Strength seen in U.S. dairy market
Iowa's dairy herd down 1,000 cows
By Jean Caspers-Simmet
NEW HAMPTON, Iowa -- The; dairy market has found a couple of reasons for milk price strength even though the latest production report from USDA put the May milk production increase at 4.4 percent, says Robert Tigner, Iowa State University farm management specialist.
The May increase came from increased cow numbers and milk per cow, Tigner said.
The 23 dairy states' cow numbers were 54,000 higher in May than one year ago and have risen by 42,000 since February.
Only four of the 23 reporting states had milk production declines for May, Iowa was one, down 1.2 percent. Iowa's dairy herd dropped by 1,000 cows from April and was 9,000 fewer than May 2004.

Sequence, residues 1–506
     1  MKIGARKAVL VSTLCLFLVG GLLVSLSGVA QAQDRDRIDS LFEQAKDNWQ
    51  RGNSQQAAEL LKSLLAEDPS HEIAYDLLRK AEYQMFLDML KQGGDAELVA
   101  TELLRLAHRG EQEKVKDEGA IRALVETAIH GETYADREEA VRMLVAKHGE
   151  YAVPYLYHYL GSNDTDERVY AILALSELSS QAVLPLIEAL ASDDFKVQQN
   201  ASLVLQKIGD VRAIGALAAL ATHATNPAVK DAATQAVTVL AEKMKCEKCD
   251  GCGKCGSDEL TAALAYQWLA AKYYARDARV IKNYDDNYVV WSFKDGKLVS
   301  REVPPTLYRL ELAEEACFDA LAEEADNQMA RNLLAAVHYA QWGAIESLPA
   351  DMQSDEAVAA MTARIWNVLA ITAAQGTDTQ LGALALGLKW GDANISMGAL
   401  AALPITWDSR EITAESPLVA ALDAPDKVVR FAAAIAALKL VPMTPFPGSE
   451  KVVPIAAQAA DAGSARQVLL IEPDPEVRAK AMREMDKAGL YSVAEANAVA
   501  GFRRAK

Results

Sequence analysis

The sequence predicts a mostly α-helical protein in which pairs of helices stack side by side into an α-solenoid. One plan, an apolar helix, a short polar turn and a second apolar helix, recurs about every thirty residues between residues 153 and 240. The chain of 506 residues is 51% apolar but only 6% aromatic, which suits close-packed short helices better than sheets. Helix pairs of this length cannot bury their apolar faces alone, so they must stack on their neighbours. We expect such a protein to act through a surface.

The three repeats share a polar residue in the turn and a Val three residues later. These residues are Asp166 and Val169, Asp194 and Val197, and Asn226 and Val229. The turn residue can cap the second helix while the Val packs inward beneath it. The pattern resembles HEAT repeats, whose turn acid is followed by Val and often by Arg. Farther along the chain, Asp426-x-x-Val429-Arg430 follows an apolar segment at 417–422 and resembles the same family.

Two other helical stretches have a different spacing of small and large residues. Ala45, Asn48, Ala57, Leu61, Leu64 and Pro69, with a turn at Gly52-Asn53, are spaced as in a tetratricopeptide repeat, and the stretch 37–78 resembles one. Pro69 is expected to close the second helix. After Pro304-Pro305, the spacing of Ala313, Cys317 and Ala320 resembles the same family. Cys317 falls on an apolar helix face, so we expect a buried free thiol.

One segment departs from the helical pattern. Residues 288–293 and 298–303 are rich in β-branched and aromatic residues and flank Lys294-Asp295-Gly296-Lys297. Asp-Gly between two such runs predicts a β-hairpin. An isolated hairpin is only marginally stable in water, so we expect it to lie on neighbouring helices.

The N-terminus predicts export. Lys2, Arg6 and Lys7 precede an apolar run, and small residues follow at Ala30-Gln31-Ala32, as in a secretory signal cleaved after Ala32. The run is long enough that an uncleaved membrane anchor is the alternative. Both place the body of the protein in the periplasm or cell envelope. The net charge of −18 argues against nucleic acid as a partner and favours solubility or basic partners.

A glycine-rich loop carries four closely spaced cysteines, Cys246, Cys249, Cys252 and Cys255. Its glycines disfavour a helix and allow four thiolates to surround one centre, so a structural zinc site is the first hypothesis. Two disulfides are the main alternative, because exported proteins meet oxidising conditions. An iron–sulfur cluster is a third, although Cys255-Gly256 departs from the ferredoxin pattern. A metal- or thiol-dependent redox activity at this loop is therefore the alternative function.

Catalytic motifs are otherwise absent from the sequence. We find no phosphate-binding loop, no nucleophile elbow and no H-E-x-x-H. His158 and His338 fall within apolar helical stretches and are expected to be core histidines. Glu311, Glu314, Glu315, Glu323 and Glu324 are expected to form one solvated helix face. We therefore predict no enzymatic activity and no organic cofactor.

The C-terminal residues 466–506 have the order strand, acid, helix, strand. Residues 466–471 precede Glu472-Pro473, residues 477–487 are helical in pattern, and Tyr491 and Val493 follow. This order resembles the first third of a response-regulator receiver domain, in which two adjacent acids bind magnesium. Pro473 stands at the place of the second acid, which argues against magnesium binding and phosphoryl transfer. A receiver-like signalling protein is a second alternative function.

Iowa's remaining dairy herd produced an additional 60 pounds each. If Iowa's herd size had remained the same as one year ago, the production decline would have been 0.5 percent.
Minnesota added 2.5 percent milk and Wisconsin milk rose 2.7 percent, Tigner said. Both states lost dairy cows, Minnesota cows were off by 5,000 and Wisconsin was down 9,000 from a year ago.
Even with strong May milk increases, large cheese and expanding butter inventories, cheese prices have returned to mid-May levels, Tigner said.
Cheese users are building inventories for later use, apparently not wanting to pay higher prices later in the year.
USDA project that the second half 2005 Class III prices will average $1-2 below year ago levels. But these projected prices are still 80 cents to $1.20 above the long-run average.
Cheese demand isn't the only factor supporting Class III prices. Strong whey prices will help keep Class III prices near $14 and above.